With days to go before Asian defence officials meet in Singapore for the annual Shangri-La Dialogue, the United States carried out its first South China Sea freedom of navigation operation (fonop) for the year. The guided missile destroyer USS Dewey sailed within 12 nautical miles of Mischief Reef in the Spratly Islands.
Not only was the operation the first for the year, it was the first carried out by the Trump administration – which had, until the operation, largely pushed the disputes in the South China Sea and US policy therein to the back burner. The Obama administration’s final fonop was in October, leaving a break of more than 200 days between both events.
US warship sails to within a few miles of island built up by China in Spratlys
China reacted predictably to the operation. The foreign ministry issued a statement noting that the US vessel entered “the adjacent waters” of Mischief Reef without the “permission of the Chinese government” (we’ll come back to why the precise phrasing here matters). The ministry reaffirmed China’s view that its sovereignty over nearly 90 per cent of the South China Sea was “indisputable”.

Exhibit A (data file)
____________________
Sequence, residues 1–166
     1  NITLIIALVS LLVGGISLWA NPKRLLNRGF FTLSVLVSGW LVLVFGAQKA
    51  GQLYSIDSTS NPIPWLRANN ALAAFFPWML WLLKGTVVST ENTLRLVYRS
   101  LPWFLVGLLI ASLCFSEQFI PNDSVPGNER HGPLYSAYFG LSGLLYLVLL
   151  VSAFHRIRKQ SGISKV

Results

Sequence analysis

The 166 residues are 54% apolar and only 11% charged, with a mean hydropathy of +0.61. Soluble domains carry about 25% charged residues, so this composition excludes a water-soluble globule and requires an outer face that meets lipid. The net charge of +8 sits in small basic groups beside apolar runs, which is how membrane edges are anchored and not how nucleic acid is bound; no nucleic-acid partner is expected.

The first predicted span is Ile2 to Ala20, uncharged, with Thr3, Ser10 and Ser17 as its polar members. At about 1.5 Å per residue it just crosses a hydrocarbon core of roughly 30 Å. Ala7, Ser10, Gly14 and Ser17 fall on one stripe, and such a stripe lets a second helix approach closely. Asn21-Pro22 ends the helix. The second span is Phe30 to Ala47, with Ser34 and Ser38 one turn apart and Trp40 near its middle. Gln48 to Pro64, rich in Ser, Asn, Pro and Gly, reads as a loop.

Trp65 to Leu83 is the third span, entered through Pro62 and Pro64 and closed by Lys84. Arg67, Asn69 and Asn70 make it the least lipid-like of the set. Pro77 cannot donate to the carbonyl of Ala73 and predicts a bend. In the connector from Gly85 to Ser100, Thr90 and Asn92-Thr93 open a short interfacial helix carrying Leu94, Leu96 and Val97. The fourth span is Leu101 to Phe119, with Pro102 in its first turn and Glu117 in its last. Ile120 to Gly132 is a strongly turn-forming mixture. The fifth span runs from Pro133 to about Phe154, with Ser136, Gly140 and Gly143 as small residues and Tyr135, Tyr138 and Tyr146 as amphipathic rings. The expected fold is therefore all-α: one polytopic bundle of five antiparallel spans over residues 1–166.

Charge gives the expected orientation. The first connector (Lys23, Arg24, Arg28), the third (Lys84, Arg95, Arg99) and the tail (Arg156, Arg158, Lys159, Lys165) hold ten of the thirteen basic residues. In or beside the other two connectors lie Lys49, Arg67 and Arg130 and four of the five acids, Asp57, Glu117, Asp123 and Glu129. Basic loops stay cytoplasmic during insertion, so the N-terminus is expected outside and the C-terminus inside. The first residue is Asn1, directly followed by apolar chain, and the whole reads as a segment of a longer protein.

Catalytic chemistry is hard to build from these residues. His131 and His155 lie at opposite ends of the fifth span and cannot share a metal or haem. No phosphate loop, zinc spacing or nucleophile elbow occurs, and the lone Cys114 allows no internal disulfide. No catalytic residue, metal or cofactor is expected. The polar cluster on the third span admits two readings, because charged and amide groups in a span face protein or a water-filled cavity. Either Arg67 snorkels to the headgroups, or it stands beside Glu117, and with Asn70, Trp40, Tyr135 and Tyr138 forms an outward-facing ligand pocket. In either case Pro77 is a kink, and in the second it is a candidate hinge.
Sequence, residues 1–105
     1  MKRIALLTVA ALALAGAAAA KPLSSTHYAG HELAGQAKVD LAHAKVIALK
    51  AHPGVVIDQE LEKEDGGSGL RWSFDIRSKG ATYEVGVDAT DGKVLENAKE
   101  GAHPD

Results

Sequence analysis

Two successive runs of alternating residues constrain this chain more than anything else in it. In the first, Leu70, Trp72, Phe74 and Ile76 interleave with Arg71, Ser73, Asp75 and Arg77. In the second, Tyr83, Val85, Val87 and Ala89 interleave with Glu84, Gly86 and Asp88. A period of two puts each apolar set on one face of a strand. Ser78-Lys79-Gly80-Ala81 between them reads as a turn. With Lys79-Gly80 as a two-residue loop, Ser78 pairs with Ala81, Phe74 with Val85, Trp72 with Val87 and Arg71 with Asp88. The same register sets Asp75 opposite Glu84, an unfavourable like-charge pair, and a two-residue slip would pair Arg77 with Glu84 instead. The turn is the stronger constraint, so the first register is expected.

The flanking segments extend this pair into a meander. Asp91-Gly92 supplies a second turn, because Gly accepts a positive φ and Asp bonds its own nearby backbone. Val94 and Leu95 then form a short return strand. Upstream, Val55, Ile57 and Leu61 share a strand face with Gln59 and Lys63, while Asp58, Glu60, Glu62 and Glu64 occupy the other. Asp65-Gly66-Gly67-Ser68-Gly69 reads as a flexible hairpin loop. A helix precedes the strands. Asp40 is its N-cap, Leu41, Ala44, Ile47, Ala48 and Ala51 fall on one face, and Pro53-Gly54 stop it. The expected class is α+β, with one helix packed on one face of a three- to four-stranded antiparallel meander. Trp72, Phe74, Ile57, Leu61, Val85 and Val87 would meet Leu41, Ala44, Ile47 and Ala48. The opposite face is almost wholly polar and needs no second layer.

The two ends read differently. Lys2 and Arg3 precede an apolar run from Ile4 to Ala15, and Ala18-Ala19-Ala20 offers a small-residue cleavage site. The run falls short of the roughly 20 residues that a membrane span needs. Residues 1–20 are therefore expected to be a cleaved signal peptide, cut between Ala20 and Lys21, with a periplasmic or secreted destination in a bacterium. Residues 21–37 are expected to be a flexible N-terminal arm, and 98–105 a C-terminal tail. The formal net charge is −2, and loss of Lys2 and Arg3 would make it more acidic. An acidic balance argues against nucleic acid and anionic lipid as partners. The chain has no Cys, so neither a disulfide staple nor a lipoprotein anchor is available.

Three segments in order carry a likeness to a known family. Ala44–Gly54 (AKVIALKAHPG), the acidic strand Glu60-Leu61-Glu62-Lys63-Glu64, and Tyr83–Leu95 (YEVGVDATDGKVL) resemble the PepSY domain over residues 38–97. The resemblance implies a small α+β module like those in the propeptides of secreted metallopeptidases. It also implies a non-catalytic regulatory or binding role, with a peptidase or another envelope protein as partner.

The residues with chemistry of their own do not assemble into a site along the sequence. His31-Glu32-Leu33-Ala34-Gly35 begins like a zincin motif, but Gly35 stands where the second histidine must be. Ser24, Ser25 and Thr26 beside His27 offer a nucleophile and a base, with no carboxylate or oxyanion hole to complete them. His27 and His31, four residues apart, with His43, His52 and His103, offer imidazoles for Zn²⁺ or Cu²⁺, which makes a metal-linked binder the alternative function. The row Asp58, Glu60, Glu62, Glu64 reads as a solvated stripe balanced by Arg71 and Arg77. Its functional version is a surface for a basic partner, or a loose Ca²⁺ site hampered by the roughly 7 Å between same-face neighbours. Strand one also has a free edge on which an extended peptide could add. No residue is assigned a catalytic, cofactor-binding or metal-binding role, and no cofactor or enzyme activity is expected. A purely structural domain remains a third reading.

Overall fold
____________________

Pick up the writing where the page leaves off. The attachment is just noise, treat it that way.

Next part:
More seriously, however, on the same day as the USS Dewey’s fonop,two Chinese jet fighters conducted what the US Navy complained was an unsafe intercept of a P-3C Orion anti-submarine warfare aircraft. The US aircraft was intercepted near Hainan Island, presumably in a move designed by the People’s Liberation Army to assert Beijing’s sovereignty to the region. The intercept came just days after a similar incident over the East China Sea.